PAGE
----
Sometimes you want to come outside for a breath of air. Sit on a bench at dusk under the mock orange. Walk on a grass path and listen to a fountain playing over stone. Sometimes you want a bit of earth.

We have wildflowers here, and we have flowers people have tended over centuries. You can find wild rose pogonia orchids in a high bog — and tree peonies in a garden designed by Fletcher Steele with a curved water stair.

Berkshire gardens can be grand with lime walks and sculpture. A hundred years ago a Napoli farmer could wind up here as head gardener of a Gided Age mansion, growing five kinds of stone fruit on the same tree. But then again, they can be unexpected and beautifully simple. A lilac walk blooms in an old town park. Families plant scarlet runner beans and milkweed for the monarch butterflies.

Gardens in the Berkshires

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Clark Art Institute

Renoir rubs elbows with Rodin, and the reflecting pool glows between northeast granite and classical marble. The Clark Art Institute holds a collection of Impressionists and more on a campus re-imagined by Tadao Ando.


Berkshire Museum

The Berkshire Museum covers a lot of ground — local history and natural history, science and art. It has stood at the center of the county for more than 100 years.


Canoe Meadows

Mass Audubon, the statewide conservation nonprofit, protects four wildlife sanctuaries in the Central and Southern Berkshires. At Canoe Meadows in Pittsfield, flat and easy trails wander along the Housatonic River, sheltering migrating birds and butterflies in the meadow, and otters and turtles along the water (and now and then a bear).



In a studio with tall windows letting in the north light, Daniel Chester French created the figure of Abraham Lincoln for the Lincoln Memorial in Washington D.C. Today contemporary sculpture lines the paths and gardens in the summer and fall.


Dream Away Lodge

The Dream Away Lodge is a road house, a locally sourced restaurant, a lounge and a labyrinth … its a 200-year-old farmhouse on the edge of October Mountain State Forest in Becket, and it has been a center of live music for decades.


Field Farm

Nature and Modern art mingle at Field Farm in Williamstown. The Trustees of Reservations maintains the outoor sculpture garden and trails— open to the public from sunrise to sunset all year — and runs the house as a Bed and Breakfast, and they will open the Folly for art tours occasionally through the summer and fall.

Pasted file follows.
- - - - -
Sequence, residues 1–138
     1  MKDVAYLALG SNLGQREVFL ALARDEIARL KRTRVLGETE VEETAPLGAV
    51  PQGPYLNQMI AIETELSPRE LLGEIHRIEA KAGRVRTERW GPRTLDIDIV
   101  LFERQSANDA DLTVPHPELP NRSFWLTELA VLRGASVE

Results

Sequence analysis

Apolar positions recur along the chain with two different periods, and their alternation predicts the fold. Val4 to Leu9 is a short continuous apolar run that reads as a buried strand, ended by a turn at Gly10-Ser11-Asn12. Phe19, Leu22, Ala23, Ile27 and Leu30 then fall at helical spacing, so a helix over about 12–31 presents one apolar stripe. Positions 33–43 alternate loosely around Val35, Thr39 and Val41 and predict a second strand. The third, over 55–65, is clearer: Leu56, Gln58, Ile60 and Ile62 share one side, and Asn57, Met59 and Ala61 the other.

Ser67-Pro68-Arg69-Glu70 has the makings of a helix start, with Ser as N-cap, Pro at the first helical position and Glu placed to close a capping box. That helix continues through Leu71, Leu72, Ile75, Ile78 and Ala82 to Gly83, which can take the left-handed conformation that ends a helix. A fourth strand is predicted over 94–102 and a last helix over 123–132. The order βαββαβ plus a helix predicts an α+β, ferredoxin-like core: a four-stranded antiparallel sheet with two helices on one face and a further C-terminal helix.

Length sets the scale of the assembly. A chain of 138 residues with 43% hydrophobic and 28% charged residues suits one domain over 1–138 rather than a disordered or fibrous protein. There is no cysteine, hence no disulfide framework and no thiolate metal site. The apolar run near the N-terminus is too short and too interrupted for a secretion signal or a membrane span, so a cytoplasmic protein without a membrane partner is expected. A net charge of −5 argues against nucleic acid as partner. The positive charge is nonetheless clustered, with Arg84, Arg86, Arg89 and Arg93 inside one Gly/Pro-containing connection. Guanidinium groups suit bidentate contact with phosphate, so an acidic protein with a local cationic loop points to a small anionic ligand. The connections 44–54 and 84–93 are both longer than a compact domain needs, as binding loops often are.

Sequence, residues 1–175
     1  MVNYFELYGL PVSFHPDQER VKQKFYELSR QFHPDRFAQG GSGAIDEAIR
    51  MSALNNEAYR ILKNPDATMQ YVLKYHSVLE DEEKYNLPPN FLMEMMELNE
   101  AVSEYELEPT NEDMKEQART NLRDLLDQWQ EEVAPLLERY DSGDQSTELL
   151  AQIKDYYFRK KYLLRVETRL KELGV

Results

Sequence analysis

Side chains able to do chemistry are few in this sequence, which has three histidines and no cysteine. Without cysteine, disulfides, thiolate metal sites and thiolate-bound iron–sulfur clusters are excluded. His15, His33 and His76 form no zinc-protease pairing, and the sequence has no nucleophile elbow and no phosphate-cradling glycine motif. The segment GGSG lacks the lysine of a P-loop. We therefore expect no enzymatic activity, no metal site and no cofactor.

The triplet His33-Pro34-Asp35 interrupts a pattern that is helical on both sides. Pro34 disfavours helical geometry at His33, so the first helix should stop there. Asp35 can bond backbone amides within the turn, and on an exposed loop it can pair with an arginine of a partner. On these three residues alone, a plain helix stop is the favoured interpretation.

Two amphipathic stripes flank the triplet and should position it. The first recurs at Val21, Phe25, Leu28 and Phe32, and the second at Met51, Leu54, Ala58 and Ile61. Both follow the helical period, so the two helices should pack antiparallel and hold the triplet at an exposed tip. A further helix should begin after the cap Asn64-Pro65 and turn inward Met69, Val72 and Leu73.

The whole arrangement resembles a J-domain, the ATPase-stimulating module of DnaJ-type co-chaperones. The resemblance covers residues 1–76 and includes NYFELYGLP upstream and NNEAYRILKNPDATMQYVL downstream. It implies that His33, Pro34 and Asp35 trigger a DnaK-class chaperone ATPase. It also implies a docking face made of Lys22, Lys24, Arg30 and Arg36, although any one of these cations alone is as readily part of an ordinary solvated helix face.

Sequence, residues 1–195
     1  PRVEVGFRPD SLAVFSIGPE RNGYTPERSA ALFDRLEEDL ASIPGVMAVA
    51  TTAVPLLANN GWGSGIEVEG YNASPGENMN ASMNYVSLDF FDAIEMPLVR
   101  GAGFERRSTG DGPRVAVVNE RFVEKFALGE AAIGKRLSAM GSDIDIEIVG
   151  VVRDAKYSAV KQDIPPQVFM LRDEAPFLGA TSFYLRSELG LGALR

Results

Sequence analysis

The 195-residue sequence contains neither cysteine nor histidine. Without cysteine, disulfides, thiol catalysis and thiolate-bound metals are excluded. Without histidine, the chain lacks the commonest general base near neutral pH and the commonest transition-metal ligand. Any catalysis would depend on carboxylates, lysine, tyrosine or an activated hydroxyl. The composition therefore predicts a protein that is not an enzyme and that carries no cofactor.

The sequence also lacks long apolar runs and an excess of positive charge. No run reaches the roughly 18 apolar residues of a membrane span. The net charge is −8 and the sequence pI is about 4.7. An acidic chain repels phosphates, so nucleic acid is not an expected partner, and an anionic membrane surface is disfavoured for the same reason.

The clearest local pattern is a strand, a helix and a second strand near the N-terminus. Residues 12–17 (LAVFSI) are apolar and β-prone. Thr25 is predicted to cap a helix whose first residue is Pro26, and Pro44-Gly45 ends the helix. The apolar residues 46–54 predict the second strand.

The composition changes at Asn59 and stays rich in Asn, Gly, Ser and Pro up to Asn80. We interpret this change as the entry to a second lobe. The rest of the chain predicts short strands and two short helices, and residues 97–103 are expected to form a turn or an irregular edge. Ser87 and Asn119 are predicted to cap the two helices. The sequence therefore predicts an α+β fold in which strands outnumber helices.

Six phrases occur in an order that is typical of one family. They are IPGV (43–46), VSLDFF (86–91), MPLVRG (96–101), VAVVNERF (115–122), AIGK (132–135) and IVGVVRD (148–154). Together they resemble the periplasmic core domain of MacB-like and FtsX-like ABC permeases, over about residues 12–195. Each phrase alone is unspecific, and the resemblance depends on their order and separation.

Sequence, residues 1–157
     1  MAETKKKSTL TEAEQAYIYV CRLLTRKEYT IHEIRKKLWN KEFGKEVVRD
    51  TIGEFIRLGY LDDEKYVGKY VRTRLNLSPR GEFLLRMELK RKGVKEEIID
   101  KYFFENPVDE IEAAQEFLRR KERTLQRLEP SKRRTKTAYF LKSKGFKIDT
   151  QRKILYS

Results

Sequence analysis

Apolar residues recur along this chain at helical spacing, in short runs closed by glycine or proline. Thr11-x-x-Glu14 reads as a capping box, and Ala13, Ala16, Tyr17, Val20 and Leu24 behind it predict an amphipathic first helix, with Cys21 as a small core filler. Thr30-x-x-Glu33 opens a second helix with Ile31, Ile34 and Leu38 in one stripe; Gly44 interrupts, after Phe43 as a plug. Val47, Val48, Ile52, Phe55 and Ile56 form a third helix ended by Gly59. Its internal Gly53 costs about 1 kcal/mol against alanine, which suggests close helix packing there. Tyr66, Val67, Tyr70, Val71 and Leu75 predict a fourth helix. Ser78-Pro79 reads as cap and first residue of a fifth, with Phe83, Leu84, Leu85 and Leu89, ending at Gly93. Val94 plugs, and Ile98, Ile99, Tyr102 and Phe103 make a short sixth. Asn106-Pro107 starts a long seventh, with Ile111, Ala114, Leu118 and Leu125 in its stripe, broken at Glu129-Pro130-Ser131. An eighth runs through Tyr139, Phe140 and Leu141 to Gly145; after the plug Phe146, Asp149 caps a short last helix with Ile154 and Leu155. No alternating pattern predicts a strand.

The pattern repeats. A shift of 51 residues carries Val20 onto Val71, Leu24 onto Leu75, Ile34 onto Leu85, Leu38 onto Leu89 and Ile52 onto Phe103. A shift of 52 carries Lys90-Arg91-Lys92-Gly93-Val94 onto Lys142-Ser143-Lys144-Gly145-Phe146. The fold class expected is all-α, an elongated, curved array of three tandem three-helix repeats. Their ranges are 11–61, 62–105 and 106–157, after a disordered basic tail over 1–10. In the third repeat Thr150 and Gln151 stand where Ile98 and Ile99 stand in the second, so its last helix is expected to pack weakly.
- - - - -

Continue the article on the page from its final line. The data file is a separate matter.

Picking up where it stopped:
Hilltop Orchards

At Hilltop Orchards, the Vittori family grow apples and make cider and wine on 200 acres. A brother and sister, John and Wendy, bought the orchard more than 30 years ago and preserved the land. They have a farm store and trails open year-round.



The Hoosic River Watershed association is a group of local people who want to restore and conserve the river and bring people to enjoy it — paddling, biking and wandering along the bank or soaking your feet as you watch a migrating solitary sandpiper at the water’s edge.


Lime Kiln

Two loops of trail cross the pasture lands of an old farm, past a seasonal pond and wetlands, and hayfields where bluebirds nest, and 50 kinds of butterflies forage. Signs of the old farm remain in stone walls and the historic kiln that gives the sanctuary its name.



The gardens of the Choate family’s Gilded Age ‘cottage’ have a name around the world for their Blue Stairs, tree peonies and roses, and they invite the community in year-round.


Pleasant Valley

Mass Audubon, the statewide conservation nonprofit, protects four wildlife sanctuaries in the Central and Southern Berkshires. At Pleasant Valley in Lenox, their local headquarters lead into a boardwalk around a beaver pond and trails climb the slopes of Lenox Mountain.


The Mount

Edith Wharton, the first woman to win the Pulitzer Prize, wrote many of her best-known novels in this house, in the 10 years she lived in Lenox — from The House of Mirth to Ethan Frome. Her house is now a museum, a center of writing, music and performance, landscape and gardens, dedicated to keeping her spirit alive.


Tracy Brook

In early June, the herons are nesting. Mass Audubon protects one of the largest blue heronries in the county at one of the newest sanctuaries, a wetland and woodland on Tracy Brook in Richmond. It has no marked trails, but guided walks explore the area.